Statin use by men receiving androgen deprivation therapy (ADT) for prostate cancer (PCa) is associated with improved overall and cancer-specific survival, new data suggest.

The data are from an observational study that included 87,346 men on ADT for advanced PCa identified using the national Veterans Affairs database. Of these patients, 53,360 used statins and 33,986 did not. Statin users had a significantly longer median overall survival (6.5 vs 4.0 years) and a significantly greater 5-year cancer-specific survival rate (94% vs 87.3%), a team at the University of Wisconsin-Madison led by Kyle A. Richards, MD, reported online ahead of print in Urologic Oncology.

Statin use independently predicted a significant 34% decreased risk of death from any cause, 44% decreased risk of death from PCa, and 36% decreased risk of skeletal-related events, after adjusting for multiple potential confounders, including age, race, Charlson comorbidity index (CCI), Gleason score, and PSA.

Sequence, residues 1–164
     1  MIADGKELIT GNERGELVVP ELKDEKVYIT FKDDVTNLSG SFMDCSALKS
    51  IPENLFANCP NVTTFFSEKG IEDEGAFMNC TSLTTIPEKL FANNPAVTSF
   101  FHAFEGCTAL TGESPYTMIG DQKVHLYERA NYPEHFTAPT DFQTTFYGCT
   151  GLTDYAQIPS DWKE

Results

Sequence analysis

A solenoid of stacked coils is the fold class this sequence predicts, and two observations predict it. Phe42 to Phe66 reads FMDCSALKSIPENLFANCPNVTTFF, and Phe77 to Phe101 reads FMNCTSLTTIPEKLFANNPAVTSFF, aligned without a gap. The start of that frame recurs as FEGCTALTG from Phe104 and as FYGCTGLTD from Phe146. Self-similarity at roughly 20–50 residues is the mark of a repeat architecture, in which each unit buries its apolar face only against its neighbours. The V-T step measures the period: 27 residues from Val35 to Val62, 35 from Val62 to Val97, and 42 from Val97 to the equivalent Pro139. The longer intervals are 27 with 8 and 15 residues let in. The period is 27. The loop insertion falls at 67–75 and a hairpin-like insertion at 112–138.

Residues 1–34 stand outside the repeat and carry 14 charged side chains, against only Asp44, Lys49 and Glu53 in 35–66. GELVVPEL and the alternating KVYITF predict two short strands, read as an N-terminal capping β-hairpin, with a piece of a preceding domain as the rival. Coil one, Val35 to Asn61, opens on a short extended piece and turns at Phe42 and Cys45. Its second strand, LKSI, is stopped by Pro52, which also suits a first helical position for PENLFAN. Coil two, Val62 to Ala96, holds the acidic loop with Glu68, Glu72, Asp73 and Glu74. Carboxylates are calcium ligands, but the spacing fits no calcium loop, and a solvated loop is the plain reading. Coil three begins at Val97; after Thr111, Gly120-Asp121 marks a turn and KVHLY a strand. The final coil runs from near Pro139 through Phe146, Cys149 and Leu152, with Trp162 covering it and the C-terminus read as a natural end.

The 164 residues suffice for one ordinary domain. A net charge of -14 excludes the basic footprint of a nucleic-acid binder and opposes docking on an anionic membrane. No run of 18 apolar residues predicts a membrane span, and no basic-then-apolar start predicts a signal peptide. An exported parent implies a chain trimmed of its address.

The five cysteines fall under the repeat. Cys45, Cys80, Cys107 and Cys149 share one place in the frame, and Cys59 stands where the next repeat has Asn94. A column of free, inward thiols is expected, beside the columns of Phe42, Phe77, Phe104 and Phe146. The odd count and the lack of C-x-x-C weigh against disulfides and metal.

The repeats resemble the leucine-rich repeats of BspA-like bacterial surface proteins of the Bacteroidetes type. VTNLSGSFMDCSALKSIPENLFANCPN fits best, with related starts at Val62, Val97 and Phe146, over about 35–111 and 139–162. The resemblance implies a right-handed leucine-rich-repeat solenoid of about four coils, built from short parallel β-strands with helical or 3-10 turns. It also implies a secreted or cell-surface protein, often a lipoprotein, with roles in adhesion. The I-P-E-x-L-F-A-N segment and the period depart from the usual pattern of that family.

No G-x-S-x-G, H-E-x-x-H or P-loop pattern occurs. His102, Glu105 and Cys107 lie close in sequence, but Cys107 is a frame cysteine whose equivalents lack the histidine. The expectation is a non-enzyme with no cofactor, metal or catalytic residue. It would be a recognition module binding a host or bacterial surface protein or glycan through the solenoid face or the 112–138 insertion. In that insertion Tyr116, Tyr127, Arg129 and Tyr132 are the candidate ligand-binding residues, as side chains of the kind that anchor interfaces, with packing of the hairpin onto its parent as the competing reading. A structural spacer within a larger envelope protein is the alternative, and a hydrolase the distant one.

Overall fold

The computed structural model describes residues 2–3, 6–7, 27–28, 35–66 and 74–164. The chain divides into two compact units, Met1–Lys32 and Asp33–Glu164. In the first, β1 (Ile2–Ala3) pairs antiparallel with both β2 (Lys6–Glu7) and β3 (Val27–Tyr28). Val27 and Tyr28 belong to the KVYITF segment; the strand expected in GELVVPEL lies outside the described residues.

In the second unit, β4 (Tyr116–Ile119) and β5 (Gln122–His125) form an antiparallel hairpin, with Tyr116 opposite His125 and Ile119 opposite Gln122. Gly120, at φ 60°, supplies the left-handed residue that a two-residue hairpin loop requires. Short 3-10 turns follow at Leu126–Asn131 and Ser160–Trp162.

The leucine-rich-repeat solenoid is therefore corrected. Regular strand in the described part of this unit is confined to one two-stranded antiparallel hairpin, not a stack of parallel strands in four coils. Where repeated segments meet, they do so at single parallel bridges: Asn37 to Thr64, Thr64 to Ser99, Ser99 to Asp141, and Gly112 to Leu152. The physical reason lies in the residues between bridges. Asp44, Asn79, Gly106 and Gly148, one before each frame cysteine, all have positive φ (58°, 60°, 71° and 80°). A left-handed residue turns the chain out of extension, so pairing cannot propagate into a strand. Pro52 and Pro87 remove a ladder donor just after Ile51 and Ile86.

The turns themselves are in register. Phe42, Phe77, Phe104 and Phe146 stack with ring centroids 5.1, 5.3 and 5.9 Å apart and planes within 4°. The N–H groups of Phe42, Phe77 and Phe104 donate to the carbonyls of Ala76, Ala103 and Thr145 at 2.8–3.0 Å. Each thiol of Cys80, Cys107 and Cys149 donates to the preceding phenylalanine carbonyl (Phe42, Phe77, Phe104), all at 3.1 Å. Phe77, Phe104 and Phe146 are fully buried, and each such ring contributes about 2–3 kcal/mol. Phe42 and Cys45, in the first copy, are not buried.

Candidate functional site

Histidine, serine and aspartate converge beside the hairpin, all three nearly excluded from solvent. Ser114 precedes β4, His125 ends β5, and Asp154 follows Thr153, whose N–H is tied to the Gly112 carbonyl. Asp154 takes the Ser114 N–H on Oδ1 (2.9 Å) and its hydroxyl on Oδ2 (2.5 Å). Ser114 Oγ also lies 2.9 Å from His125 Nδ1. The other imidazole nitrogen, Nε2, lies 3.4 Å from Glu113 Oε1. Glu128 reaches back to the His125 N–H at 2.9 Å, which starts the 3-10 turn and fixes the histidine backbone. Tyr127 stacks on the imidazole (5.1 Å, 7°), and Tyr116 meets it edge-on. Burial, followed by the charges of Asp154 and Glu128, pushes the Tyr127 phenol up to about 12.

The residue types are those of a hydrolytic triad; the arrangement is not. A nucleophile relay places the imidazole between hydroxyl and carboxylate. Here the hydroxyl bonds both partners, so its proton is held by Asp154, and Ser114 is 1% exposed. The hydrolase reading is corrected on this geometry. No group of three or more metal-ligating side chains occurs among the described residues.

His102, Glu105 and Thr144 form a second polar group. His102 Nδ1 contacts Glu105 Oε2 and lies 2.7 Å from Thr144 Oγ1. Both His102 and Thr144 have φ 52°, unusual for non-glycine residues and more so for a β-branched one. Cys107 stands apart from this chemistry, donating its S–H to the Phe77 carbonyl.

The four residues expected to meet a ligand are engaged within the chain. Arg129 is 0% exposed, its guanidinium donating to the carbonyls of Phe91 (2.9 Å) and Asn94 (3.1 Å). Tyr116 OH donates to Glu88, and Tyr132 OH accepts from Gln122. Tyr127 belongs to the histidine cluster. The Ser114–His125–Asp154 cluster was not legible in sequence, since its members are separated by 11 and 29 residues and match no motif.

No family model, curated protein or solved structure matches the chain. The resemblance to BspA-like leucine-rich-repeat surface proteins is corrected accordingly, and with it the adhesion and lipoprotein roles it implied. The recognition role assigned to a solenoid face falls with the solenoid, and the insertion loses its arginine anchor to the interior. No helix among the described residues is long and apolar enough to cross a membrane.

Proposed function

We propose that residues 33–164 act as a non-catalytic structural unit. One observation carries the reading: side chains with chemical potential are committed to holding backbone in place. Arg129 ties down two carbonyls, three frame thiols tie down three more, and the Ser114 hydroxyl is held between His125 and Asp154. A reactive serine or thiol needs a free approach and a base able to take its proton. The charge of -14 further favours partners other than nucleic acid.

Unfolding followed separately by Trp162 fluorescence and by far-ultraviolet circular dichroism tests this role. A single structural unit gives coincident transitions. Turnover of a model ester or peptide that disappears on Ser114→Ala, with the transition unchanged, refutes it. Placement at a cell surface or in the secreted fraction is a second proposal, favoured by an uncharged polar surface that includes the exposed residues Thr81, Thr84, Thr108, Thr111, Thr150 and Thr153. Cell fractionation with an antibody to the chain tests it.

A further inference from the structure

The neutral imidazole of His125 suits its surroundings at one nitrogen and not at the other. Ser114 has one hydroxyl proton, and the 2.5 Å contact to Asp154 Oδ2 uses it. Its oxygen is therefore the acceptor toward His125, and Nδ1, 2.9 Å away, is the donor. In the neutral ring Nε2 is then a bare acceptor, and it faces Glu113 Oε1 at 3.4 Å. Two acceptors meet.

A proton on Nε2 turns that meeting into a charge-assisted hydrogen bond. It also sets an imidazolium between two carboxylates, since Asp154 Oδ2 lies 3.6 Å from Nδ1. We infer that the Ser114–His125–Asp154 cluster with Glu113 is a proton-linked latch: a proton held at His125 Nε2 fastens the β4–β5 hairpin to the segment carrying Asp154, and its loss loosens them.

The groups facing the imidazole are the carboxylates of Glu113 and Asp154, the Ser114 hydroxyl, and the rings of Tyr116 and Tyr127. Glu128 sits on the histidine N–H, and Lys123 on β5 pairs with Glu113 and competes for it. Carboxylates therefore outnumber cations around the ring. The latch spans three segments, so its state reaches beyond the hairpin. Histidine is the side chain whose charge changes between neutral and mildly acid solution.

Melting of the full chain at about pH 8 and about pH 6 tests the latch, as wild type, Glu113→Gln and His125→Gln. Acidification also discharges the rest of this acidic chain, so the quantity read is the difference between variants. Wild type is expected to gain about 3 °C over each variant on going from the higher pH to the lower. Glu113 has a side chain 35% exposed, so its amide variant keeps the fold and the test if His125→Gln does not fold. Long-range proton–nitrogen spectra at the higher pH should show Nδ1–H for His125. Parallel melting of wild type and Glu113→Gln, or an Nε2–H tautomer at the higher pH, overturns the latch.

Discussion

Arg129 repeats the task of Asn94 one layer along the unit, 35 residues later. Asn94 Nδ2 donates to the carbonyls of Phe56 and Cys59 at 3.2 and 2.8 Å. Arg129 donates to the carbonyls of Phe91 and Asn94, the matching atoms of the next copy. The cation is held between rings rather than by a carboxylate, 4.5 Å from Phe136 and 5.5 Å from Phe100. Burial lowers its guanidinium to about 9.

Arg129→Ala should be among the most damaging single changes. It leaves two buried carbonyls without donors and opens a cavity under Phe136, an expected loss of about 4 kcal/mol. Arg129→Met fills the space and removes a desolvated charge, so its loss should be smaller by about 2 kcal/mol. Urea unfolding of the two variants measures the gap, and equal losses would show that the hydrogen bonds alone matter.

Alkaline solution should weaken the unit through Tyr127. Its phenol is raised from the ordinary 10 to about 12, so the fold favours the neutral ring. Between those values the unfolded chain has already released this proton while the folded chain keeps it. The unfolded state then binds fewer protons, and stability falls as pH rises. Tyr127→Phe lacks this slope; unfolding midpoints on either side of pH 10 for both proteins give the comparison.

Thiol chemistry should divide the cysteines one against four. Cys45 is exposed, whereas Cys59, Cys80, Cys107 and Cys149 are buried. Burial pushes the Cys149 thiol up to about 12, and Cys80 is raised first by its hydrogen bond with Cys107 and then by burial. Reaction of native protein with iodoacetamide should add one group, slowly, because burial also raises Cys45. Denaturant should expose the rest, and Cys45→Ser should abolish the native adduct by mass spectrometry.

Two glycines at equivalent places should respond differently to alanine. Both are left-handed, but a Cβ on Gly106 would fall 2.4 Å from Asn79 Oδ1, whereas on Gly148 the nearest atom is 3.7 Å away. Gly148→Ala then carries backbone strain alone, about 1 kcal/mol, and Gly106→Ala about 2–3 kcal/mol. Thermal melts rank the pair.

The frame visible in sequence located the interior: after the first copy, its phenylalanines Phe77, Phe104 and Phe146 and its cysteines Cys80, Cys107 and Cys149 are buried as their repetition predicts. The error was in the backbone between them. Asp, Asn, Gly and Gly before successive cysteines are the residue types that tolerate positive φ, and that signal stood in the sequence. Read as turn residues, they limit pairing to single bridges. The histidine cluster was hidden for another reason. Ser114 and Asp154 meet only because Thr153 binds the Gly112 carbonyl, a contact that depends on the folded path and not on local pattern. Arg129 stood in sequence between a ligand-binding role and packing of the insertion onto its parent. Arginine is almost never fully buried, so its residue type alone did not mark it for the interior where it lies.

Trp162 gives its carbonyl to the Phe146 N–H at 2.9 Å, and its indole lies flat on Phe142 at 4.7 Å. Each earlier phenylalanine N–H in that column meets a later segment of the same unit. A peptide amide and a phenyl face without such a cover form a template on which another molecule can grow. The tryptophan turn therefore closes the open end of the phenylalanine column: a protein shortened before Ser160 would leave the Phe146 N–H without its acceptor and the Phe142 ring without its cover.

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“Statins are inexpensive, well-tolerated medications that offer a promising adjunct to ADT, but require further prospective studies,” Dr Richards and his colleagues concluded.

The authors noted that statins are thought to have antineoplastic properties related to their effect on cell proliferation and steroidogenesis. Progression to castration-resistant PCa, they explained, includes de-regulation of androgen synthesis, suggesting a role for statins in this setting.

Statin users were significantly younger than nonusers (median 73 vs 76 years) and significantly more likely to have a CCI greater than 3 (3.1% vs 2.5%) and a Gleason score of 8–10 (12.3% vs 10.9%).


  1. Anderson-Carter I, Posielski N, Liou JI, et al. The impact of statins in combination with androgen deprivation therapy in patients with advanced prostate cancer: A large observational study. Urol Oncol. 2018; published online ahead of print.

This article originally appeared on Renal and Urology News